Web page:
The best way to solve the cutting waste problem, is to simply not make any in the fist place. Zero-waste patternmaking is a technique, where the full width of a piece of fabric is used, without creating any leftovers. Usually those patterns are contained in a rectangular shape, so that they can be repeated over and over again on a roll of fabric, without leaving any weird shape pieces.
The example above is the simplest zero-waste pattern for a T-shirt. The front and back are simple rectangles and the neckline is basically created by leaving a hole when sewing the two parts together at the shoulders. The sleeves are rectangles as well, without the typical arm holes. This of course results in a much boxier shirt with a drop shoulder and loose fit. (The width of the fabric also somewhat predetermines sizing, which is problematic)
But of course it does not have to be this simple. Some clever constructing and arranging can result in amazing zero-waste garments, that can be quite complex. Neckholes can be used as pockets and even just some shirring, drawstrings and ruffles can create interesting shapes from simple rectangles. We have compiled a little inspirational board over on our pinterest, so that you can get a better idea what these patterns may look like.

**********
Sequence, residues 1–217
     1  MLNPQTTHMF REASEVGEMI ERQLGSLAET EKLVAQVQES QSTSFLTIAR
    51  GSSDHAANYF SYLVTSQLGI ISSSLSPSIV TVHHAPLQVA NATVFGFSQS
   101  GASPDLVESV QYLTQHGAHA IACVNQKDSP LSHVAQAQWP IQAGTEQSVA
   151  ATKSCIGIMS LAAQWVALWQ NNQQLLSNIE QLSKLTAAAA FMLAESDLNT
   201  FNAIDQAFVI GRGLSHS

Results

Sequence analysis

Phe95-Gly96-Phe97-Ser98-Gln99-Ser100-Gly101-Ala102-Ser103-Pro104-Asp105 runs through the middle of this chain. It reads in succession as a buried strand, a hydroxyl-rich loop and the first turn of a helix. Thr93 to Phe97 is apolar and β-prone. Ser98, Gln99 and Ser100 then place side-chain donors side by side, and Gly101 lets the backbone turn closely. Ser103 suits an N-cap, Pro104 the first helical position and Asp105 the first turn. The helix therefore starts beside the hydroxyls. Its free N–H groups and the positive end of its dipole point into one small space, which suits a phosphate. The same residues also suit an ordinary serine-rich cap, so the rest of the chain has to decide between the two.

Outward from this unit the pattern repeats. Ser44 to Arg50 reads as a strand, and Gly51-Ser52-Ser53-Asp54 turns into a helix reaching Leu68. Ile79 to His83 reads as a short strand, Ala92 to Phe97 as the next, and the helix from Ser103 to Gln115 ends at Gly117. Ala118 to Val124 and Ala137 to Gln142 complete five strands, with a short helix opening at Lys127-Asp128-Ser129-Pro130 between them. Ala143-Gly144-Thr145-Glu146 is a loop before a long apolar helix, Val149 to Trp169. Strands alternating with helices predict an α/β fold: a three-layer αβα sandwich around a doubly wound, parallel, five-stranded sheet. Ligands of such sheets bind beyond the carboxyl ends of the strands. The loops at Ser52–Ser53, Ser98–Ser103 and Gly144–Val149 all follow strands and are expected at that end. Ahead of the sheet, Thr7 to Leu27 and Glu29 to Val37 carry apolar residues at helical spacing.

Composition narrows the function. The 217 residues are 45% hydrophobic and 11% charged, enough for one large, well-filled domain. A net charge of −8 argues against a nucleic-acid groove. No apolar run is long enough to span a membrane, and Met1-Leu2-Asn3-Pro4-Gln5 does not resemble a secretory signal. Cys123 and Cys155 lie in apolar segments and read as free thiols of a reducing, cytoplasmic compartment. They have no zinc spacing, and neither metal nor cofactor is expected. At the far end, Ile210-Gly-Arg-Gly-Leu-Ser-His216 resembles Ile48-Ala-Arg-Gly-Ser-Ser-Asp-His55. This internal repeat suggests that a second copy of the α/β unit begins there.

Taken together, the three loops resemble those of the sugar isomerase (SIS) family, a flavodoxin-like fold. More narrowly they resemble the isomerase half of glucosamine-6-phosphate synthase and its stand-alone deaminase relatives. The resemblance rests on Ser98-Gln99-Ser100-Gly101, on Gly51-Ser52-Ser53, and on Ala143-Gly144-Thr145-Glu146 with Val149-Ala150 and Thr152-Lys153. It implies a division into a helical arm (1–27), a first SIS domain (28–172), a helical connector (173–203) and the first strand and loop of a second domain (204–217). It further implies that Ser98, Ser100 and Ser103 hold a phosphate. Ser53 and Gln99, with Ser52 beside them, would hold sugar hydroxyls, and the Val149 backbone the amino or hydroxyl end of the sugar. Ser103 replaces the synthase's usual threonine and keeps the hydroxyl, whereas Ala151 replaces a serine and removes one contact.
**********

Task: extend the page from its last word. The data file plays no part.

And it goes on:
The catch is, that these garments are a lot more complex and time consuming to design and of course a fast fashion brand that is releasing 50 collections per year does not have time for this. It takes a lot to figure out all these patterns for different sizes and different types of fabrics with different properties and still produce a garment at the end that is wearable by a large number of people. However, if you are someone who is regularly sewing their own clothes, I'd highly recommend to dive a bit deeper into this technique and try it out!
Body positivity has taught us to celebrate bodies in all sizes and shapes. I think it is time that we apply the same things to scraps. If we can't make all clothing patterns zero waste (which is unrealistic), we have to figure out a way to re-value the leftovers, so that manufacturers start caring, start keeping them and start finding new ways and new partners to turn them into something useful.
For us at Wasteless Wonders, the weird shapes and odd sizes of pre-consumer scraps are beautiful and inspiring. They can be used in so many ways, no matter how small they are. If multiple of the same garments are made, usually there is also a pile of same size and shape scraps that can form interesting and unexpected patterns. Expecially when a fabric is made ethically from high quality materials, not a square centimeter of it should go to waste, to value the work of the farmers and workers involved in the dyeing and spinning of the yarn and the production of the fabric.